November 2008 Archives


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Taking the advice of a full 66% of the comments on the last entry, I had a look at the #haskell IRC channel. I was honestly surprised to see 500+ people signed in. It would be nice, I figured, to have a place to bounce ideas off of people, ask questions, and see what other people are doing.

Since nothing in life is ever easy, of course something went wrong. For whatever reason, whenever I post something, I'm almost immediately disconnected from the server for 'excess flood', whatever that means. I thought it might be something along the lines of "you're spamming the channel", but I wouldn't think one sentence would qualify.

It seems that I've somehow turned IRC into a read-only information source (for me, anyway - other people are chatting away). D'oh.

  • FINALLY a language (that I'm aware of) where True !== 1 and False !== 0. I'd have to take off YOUR shoes to count the number of times that's bitten me in the ass. For people who don't know me, I wear sandals so no shoe-taking-offing is ever needed.

  • The it primitive is pretty neat and has possibilities:

    True || False
    not it

  • I like the /= representation of !=

  • Hmmm...lists are interesting.
    let x = [1,2]

    So clearly the : primitive appends elements to the beginning of a list. I thought that perhaps [0,1]:x might produce [[0,1],[1,2]]. It turns out this is not the case, and instead throws an error that essentially amount to a data type mismatch. To achieve the desired result, one must type:


    ...such that both arguments are lists, I assume. Weird.

  • putStrLn "Hi"
    putStrLn 'Hi'

    lexical error in string/character literal at character 'i'

    D'oh. I prefer to use single quotes with my strings. Not a deal breaker though.

  • Well, as thrilling as I'm sure this has been for you, I'm going to stop and actually get to coding.

So after a full reinstall of Leopard, my Mac seems to be behaving a bit more like it should. I wonder what the odds are of getting a corrupt OS from the factory.

MacPorts seems like a nice idea, and the list of software is decent. My two complaints (what, you thought I wouldn't have any?):

  • 1) It's slow as hell. I've been installing Haskell for the last twenty minutes.
  • The .dmg-based installer forgets one minor detail, namely changing the $PATH variable. Looking through the instructions for compiling from source, it seems that adding

export PATH=/opt/local/bin:/opt/local/sbin:$PATH

to .profile or .bashrc fixes the issue. I'm sure there's a more elegant approach, but this allowed me to get started on the lengthy process of installing something that would be a single command on Ubuntu.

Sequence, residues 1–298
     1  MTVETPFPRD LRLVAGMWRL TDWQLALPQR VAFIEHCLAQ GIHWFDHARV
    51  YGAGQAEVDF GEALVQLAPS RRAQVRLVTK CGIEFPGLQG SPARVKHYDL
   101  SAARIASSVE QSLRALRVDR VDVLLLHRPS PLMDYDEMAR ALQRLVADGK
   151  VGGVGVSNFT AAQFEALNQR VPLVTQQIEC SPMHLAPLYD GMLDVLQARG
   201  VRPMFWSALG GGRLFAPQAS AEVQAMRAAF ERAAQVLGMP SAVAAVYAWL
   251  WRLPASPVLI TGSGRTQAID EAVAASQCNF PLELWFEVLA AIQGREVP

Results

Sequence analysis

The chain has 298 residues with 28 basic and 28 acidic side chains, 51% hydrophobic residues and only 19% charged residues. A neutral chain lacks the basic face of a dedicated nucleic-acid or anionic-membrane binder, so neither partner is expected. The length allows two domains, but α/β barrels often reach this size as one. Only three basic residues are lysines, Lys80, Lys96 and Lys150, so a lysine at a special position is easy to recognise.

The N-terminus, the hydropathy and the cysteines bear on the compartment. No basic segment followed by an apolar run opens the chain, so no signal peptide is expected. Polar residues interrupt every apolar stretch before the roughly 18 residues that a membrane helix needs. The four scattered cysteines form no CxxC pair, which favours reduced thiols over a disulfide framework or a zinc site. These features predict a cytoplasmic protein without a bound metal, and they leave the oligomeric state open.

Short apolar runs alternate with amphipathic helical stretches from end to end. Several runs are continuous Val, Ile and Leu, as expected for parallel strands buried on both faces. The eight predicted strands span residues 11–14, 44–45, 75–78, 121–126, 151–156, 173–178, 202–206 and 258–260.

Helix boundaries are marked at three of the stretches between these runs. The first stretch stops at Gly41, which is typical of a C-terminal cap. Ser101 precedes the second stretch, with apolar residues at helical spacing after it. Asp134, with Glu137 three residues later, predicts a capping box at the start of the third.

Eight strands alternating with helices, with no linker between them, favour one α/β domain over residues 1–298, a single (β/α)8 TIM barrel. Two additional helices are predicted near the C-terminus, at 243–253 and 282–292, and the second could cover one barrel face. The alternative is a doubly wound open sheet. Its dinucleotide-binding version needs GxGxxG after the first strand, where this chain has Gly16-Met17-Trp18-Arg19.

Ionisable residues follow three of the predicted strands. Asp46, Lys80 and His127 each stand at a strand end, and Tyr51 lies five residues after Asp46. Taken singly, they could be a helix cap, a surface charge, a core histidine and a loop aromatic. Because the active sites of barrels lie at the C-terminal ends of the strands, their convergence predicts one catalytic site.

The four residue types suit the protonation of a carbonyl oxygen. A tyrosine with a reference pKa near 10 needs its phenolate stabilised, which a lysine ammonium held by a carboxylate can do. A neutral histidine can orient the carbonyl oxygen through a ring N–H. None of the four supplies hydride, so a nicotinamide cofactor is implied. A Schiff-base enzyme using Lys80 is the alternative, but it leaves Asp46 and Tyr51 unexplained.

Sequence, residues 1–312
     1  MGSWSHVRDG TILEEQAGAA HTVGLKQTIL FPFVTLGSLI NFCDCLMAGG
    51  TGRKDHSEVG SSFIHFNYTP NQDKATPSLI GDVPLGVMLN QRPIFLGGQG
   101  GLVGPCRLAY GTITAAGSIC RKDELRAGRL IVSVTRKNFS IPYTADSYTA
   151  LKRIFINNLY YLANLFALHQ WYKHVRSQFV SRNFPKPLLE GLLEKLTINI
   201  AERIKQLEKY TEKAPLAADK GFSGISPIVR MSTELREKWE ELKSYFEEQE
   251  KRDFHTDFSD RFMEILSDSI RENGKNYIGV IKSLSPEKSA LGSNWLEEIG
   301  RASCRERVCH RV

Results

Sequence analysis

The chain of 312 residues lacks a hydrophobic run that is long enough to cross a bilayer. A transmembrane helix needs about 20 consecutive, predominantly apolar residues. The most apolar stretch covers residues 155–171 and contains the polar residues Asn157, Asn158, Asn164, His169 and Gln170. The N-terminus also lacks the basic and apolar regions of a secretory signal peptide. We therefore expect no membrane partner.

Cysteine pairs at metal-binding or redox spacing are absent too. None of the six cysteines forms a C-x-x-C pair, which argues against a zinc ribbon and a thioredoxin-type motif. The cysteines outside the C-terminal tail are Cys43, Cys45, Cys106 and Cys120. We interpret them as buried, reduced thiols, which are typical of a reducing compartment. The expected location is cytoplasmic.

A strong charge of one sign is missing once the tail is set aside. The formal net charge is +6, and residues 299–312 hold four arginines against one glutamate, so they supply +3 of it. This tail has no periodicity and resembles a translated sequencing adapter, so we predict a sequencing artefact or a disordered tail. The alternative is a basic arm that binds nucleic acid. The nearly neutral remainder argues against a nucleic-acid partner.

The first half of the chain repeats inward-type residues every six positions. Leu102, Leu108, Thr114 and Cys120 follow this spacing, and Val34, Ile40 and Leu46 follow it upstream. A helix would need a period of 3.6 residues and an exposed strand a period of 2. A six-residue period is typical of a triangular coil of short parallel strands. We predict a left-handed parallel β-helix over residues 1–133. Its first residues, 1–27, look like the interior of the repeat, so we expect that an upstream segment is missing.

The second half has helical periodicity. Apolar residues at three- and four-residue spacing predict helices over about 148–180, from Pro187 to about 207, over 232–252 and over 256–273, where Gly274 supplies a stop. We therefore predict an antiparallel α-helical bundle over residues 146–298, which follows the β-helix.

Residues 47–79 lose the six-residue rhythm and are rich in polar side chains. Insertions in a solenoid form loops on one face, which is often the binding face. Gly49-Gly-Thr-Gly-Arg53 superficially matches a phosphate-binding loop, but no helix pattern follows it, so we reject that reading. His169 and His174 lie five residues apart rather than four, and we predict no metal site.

I was a Mac user long ago. I remember upgrading to OS 7.5, 8.0, and the horrendously error-prone upgrade to OS 9. In the years following that, I went back to Windows. While there were some problems, the nice thing was that the overwhelming majority of things simply worked.

A few years ago I started work linux in various flavors into my work. At first, there were a lot of things to get used to, and I had my fair share of complaints. As I grew accustomed to it however, I grew to love it and a few years ago started using it almost exclusively while keeping a Windows box around for things like Photoshop.

A few months ago, I decided that I was going to try one of the new iMacs. I went out, shopped around, and finally purchased a 24-inch iMac for hardly a paltry sum of money. Within twenty minutes of setting it up and turning it on I had my first complete system freeze, requiring a hard power cycle. This continued while I was having problems connecting to the internet, installing applications, keeping disks mounted, stopping the machine from muting itself, installing MacPorts, and so on.

Not being one to give up on computers easily, I scoured the internet for solutions, read through email lists and talked to people at work. Some problems I was able to fix and I got to a point where the other ones really didn't bother me that much anymore.

Today however was the straw that broke the camel's back. Since 4am this morning my iMac has locked up SIX times and the only thing in any of the logs is a cryptic statement of "KernelEventAgent[23]: tid 00000000 received unknown event GPU" followed by about a hundred lines consisting of hexadecimal codes. While this leads me to believe that there's some problem with the graphics card, one can't effectively Google hundreds of lines of hex and get meaningful results.

I can't reliably do anything that involves an application other than Firefox (speaking of which, Safari is about as useful a web browser as a slice of cold pizza) without the machine completely locking up.

So Apple, you have been officially added to the List Of People And/Or Organizations Who Can Suck My Balls.

About this Archive

This page is an archive of entries from November 2008 listed from newest to oldest.

October 2008 is the previous archive.

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